OPEC Report:  The March OPEC report was released on Wednesday March 11th and highlighted that OPEC member production had fallen by 546Kb/d to 27.77Mb/d in February. The biggest decline was from Libya which fell 547Kb/d to 146Kb/d as the civil war in the country blocked most exports. Saudi production fell by 56Kb/d to 9.68Mb/d. With the world-wide impact of the virus, OPEC now forecasts demand for all of 2020 at 99.7Mb/d, down from 100.8Mb/d in Q4/19. They projected demand in Q1/20 at 97.6Mb/d and 98.2Mb/d in Q2/20. This results in a call on OPEC of 26.3Mb/d in Q1/20 and of 26.9Mb/d in Q2/20 compared to production of 27.8Mb/d in February. Thus the reason for the Saudi call for an additional cut of 1.5Mb/d to balance supply and demand. With Russia rejecting the ultimatum of the Saudi Crown Prince, the beginning of a Russian roulette has started between the two protagonists. Russia plans on raising production from the current 11.4Mb/d to 11.7-11.8Mb/d and grab more market share while the Saudi’s are planning to lift production from February’s 9.68Mb/d to 12.3Mb/d, and has already booked ships to take more crude to customers in April. The battle is now on and the question is what is the pain threshold of each. They both have low production costs, have strong monetary reserves and have lots of borrowing power so the question is does one of them blink and a deal is done to balance supply and demand in the near term (which means cuts of 1.5-2.0Mb/d to get price back up over US$50/b) or does a price war over 6-9 months knock out a lot of high cost production around the world. We are already seeing companies cutting back capex and targeting to gut costs, lower drilling substantially and very likely cut staff as drilling new wells is deferred and companies accept declining production as they focus on surviving the price war.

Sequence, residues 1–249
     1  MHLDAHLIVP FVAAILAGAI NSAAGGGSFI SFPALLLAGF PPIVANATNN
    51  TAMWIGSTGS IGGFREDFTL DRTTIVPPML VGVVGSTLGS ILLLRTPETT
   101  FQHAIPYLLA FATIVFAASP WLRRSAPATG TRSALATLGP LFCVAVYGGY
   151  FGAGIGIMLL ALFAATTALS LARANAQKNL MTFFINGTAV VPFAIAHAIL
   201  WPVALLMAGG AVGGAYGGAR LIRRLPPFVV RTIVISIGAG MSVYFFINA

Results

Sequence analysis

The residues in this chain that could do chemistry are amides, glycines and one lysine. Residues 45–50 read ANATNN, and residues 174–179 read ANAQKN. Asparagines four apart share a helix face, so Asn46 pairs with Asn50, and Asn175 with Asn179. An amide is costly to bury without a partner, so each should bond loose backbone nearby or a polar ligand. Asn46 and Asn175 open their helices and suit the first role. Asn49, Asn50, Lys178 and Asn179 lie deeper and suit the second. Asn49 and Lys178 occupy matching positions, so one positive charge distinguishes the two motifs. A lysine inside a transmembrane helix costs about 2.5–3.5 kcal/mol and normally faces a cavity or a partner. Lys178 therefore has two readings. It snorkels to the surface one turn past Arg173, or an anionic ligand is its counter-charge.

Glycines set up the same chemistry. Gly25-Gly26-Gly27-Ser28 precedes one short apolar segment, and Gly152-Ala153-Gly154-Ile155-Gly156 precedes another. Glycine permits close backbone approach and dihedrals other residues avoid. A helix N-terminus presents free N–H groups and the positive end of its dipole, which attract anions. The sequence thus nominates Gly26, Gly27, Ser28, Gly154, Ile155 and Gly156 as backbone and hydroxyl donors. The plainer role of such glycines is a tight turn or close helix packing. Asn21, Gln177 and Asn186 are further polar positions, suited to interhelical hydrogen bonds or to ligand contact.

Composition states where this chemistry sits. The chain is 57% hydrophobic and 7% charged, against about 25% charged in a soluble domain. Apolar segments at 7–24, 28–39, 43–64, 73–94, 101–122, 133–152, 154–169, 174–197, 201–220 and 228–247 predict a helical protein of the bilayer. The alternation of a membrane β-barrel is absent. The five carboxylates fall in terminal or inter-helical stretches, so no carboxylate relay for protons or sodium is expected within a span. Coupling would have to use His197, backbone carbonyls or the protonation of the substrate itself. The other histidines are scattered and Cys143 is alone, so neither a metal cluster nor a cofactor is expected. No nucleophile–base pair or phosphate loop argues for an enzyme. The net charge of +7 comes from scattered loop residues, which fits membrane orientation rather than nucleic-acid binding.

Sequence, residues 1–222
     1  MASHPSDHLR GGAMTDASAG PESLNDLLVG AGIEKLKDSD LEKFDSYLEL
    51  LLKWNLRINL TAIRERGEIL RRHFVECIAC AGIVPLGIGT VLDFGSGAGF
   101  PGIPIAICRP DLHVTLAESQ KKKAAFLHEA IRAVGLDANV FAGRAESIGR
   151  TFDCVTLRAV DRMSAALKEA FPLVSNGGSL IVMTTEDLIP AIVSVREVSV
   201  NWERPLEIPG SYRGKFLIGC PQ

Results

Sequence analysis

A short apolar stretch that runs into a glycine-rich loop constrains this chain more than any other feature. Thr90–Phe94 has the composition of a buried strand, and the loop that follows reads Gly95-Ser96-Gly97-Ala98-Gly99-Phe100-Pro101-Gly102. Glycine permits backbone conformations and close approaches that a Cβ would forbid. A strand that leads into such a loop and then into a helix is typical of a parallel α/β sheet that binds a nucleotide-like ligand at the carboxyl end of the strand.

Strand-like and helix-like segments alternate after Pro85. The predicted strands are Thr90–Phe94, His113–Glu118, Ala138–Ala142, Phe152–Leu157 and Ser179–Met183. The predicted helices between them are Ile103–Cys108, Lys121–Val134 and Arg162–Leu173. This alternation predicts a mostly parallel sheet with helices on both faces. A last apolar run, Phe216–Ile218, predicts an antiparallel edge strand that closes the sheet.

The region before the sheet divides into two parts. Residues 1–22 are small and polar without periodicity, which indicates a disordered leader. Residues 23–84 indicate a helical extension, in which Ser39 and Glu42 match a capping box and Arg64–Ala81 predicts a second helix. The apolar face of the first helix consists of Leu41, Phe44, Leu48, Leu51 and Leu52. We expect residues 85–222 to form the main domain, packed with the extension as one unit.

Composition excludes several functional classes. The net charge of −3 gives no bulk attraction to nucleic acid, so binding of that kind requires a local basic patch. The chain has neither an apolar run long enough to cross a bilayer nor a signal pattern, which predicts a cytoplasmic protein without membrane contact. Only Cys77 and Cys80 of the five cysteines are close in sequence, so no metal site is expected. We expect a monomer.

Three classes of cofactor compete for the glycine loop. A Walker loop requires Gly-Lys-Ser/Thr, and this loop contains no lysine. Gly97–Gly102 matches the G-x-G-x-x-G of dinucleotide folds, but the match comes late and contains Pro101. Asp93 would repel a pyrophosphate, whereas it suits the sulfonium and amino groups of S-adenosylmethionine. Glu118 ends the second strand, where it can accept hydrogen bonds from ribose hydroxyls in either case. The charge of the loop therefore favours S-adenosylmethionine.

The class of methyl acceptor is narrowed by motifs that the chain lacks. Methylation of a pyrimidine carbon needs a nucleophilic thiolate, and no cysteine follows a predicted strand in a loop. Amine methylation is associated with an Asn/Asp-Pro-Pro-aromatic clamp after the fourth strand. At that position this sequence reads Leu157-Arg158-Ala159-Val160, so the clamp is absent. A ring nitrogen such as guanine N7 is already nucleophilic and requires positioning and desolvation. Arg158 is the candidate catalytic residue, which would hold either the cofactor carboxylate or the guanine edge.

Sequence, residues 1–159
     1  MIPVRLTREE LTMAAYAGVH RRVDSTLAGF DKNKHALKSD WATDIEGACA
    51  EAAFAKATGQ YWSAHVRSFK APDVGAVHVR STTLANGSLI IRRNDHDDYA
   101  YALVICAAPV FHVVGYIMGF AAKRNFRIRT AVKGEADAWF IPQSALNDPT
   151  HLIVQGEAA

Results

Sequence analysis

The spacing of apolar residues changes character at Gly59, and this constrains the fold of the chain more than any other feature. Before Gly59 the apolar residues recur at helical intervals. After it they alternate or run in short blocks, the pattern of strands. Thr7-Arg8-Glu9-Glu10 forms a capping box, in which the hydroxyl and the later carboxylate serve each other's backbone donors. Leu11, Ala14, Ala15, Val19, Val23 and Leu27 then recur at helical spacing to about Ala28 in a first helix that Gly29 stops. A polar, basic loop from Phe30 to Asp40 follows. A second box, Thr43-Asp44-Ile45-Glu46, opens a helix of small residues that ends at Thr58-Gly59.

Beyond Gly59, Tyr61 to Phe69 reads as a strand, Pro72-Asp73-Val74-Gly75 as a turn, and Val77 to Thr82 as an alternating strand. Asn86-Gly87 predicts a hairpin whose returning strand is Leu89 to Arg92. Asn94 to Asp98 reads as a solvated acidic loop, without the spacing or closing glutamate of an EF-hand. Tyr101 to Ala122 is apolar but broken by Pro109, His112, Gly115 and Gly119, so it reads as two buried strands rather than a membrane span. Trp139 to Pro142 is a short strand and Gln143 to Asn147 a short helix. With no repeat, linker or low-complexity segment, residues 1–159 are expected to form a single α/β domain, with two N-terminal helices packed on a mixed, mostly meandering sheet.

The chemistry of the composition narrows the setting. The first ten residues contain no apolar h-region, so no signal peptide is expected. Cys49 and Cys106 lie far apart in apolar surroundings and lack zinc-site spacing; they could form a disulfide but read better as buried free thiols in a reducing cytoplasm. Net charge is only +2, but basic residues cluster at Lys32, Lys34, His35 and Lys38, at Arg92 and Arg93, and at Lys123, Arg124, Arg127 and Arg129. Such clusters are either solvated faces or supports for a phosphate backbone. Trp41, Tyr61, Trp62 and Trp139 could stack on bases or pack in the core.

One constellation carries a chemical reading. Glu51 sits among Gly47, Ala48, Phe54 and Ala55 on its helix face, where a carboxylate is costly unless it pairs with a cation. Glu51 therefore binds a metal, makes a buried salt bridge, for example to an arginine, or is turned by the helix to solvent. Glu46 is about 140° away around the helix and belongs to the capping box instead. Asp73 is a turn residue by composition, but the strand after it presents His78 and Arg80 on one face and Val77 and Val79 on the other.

EIA Weekly Data: The EIA report released on Wednesday March 11th was mostly bearish. Commercial stocks rose by 7.7Mb versus the expectation of a build of only 2.3Mb. The key was that US exports fell 744Kb/d or 5.2Mb on the week as net imports rose 818Kb/d or 6.4Mb on the week. On the positive side US production fell by 100Kb/d to 13.0Mb/d and total demand for products remained strong in the US at 21.86Mb/d up 588Kb/d on the week. Offsetting this positive weekly number was that year-to-date demand level is down 1.5% from a year ago to 20.475Mb/d versus 20.793Mb/d in the same time period in 2019.